USF’s Jose Fernandez Says “100 Percent” He’ll Coach Sunday Against UConn

by Categorized: Jose Fernandez, South Florida women's basketball, UConn women's basketball Date:

 We told you earlier that South Florida coach Jose Fernandez hasn’t been feeling well for the last few weeks. He’s been dealing with a number of issues relating to diverticulitis that has resulted in his hospitalization.

I just spoke to him and he said he feeling’s better and is “100 percent” certain he will coach Sunday’s game against UConn in Tampa. And that is very good news for all those who have come to know and respect him over the years.

“After my game on January 29, I saw our team doctor,” Fernandez said. “I had some pain in my abdominal region; they thought I was having appendix issues.  After going through tests it was determined that I had another bout of diverticulitis and also the area where I had a hernia removed this past May was inflamed. I was admitted into the hospital and stayed there until Friday night. I should not have gone home, but I was trying to make the trip to Louisville which I did not.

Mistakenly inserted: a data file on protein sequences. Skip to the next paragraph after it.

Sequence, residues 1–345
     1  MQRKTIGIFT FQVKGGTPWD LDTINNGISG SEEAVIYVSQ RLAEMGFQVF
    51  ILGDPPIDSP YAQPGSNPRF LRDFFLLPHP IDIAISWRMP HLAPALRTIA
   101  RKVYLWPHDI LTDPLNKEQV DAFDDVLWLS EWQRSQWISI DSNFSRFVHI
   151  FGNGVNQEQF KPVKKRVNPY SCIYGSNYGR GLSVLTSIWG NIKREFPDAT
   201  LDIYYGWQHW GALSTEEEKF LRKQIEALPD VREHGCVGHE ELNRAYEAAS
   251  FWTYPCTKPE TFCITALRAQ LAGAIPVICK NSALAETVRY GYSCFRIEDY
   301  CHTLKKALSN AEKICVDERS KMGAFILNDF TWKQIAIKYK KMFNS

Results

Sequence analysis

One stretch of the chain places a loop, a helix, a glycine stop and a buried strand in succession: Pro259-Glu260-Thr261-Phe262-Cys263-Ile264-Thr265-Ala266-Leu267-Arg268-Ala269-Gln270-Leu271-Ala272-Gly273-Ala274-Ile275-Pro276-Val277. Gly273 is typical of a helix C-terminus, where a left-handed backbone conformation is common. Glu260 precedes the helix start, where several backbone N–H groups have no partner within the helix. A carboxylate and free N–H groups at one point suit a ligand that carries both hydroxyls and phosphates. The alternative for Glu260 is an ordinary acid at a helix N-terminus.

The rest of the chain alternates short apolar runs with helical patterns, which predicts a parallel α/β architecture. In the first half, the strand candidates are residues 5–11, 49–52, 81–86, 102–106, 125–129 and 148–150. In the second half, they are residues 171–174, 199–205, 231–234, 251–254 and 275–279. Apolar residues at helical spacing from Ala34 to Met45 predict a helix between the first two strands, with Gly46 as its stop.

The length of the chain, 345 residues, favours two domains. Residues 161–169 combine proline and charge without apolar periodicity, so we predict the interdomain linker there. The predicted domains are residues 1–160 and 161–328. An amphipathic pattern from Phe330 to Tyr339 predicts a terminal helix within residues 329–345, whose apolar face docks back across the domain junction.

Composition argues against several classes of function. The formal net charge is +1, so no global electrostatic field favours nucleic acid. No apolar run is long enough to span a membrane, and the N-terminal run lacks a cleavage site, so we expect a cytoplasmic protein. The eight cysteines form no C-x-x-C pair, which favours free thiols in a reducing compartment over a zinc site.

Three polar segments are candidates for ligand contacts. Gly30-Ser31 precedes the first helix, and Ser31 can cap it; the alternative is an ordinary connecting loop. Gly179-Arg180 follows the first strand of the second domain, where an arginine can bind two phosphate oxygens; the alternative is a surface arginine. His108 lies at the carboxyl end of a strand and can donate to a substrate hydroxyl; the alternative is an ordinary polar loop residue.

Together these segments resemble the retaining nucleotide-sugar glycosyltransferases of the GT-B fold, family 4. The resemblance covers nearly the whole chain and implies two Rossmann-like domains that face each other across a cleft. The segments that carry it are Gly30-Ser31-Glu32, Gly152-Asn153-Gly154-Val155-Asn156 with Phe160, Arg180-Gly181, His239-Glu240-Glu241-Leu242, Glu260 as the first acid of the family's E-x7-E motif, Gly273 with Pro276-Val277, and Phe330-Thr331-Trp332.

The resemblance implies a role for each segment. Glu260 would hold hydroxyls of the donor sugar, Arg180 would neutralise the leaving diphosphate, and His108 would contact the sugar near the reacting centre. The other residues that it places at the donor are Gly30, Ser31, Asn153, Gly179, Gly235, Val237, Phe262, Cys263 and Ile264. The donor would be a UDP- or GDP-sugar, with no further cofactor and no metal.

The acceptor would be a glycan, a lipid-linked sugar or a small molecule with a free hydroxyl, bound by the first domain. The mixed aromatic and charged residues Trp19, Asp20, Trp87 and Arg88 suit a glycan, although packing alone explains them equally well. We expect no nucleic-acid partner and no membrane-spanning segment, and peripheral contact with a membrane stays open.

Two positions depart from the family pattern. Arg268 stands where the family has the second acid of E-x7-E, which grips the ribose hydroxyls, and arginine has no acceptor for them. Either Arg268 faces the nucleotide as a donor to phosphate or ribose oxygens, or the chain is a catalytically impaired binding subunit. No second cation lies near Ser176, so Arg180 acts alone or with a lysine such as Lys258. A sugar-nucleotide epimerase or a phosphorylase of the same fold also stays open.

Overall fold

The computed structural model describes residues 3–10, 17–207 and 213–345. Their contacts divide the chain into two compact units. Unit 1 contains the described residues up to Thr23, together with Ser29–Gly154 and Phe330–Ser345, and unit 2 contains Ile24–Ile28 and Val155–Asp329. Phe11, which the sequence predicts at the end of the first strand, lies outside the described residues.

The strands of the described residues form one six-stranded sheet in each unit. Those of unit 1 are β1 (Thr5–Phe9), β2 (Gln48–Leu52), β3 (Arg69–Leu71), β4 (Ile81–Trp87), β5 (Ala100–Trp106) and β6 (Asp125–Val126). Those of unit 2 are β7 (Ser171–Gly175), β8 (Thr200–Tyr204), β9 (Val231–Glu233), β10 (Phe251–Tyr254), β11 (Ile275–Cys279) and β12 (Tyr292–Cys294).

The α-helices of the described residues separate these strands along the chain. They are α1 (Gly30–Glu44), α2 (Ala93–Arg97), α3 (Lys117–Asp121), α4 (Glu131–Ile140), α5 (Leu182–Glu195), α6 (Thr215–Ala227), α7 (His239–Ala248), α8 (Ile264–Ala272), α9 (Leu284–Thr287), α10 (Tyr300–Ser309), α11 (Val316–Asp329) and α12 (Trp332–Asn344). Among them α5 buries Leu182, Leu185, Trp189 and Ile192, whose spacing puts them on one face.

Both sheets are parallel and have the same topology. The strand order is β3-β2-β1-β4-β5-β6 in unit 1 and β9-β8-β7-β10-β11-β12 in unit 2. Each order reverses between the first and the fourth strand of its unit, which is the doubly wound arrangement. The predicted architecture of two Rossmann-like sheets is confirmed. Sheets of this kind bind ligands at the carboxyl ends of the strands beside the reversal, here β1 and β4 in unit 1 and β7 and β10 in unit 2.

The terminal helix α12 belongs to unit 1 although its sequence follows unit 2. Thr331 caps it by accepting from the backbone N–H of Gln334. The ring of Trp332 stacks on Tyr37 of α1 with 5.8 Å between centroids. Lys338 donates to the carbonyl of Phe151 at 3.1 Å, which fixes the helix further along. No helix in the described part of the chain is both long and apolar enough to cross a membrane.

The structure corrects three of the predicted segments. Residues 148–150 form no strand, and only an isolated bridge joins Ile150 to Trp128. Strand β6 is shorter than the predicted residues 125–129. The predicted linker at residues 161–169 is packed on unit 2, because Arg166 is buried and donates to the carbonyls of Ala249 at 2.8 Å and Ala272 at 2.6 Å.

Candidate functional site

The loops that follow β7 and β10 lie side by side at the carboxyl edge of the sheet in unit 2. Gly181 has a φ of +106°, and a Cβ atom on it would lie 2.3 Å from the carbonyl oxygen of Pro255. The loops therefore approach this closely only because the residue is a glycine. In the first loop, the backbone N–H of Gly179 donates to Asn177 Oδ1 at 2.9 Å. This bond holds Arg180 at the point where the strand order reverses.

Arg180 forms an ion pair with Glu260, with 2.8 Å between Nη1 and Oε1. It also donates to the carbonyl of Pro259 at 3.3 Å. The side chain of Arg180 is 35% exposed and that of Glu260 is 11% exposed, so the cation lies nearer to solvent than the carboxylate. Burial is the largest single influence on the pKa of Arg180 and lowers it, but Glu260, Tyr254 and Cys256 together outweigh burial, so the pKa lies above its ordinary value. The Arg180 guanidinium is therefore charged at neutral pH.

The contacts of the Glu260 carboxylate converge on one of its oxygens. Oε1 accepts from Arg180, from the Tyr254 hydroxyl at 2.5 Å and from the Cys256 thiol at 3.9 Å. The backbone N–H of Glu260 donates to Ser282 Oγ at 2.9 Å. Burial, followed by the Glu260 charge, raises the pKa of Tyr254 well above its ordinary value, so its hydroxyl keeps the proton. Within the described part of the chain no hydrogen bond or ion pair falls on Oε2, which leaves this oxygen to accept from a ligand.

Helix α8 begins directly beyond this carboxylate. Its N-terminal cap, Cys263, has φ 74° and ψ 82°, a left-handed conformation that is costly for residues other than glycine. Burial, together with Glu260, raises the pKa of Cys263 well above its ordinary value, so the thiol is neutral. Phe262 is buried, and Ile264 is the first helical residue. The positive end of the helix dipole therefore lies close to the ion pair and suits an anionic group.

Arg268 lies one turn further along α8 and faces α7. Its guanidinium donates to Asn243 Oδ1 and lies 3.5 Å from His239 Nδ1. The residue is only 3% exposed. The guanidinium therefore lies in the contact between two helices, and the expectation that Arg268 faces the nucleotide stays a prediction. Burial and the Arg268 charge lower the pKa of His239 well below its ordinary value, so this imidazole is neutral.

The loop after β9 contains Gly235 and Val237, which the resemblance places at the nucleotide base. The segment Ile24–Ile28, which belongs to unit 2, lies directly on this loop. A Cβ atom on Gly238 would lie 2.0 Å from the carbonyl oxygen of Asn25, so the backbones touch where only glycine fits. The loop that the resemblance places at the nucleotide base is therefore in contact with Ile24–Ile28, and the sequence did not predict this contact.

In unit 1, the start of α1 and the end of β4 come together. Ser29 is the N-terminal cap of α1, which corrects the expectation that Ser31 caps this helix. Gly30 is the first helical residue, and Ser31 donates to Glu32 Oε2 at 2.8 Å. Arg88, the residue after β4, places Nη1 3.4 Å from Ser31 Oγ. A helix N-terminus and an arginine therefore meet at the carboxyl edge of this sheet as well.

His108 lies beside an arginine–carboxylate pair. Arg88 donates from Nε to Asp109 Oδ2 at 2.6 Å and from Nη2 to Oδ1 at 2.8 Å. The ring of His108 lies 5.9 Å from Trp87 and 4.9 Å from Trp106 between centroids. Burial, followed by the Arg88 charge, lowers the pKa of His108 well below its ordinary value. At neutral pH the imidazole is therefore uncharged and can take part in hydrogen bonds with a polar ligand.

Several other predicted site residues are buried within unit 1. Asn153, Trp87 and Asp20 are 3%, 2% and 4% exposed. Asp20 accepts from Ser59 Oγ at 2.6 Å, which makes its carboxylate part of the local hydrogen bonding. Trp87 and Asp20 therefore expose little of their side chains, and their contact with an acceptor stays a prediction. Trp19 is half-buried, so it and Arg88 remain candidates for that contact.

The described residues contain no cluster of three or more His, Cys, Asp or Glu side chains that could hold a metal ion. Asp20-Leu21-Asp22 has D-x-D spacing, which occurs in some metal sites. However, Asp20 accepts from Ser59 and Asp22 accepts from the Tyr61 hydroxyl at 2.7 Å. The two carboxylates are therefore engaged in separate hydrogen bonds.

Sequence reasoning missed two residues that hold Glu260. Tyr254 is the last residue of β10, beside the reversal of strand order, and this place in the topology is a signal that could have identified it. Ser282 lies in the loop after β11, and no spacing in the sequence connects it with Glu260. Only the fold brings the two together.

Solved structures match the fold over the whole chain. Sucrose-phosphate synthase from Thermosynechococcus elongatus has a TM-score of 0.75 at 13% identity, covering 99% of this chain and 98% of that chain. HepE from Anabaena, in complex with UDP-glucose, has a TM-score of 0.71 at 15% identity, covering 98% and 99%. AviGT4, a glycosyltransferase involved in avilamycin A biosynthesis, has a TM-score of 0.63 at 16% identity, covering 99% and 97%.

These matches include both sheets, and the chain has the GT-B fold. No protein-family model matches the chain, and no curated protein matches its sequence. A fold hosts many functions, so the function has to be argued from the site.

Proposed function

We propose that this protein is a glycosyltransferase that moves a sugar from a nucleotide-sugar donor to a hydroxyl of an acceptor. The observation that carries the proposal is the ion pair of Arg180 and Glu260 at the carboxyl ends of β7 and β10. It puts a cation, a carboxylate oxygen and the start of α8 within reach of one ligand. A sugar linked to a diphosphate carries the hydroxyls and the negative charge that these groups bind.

“So, I was taking oral antibiotics, pain medication at home and resting that Monday to Tuesday. I flew up day of game to Memphis ran shoot around and coached the game. Then, I returned back to Tampa and I was worn down a bit and tired. I took Thursday off and just watched practice. I ran practice Friday and coached the Central Florida game. After the game I saw our team doctor again and told her I was not feeling like myself.

 “Turns out, my feet, hands, mouth, throat swelled up. My tongue on Sunday morning was enlarged and I was having trouble breathing and swallowing. So, I had some kind of allergic reaction due to the medications I was taking and also my body couldn’t fight it. So I’ve been here since Sunday and doing very well and looks like I will be out of here in the morning {Friday}.

 “They have run so many tests it’s been unbelievable. The doctors want to make sure I respond to the oral medication the same way that I’ve done through the IV and tapered down the dosages of steroids and allergy medicines.”

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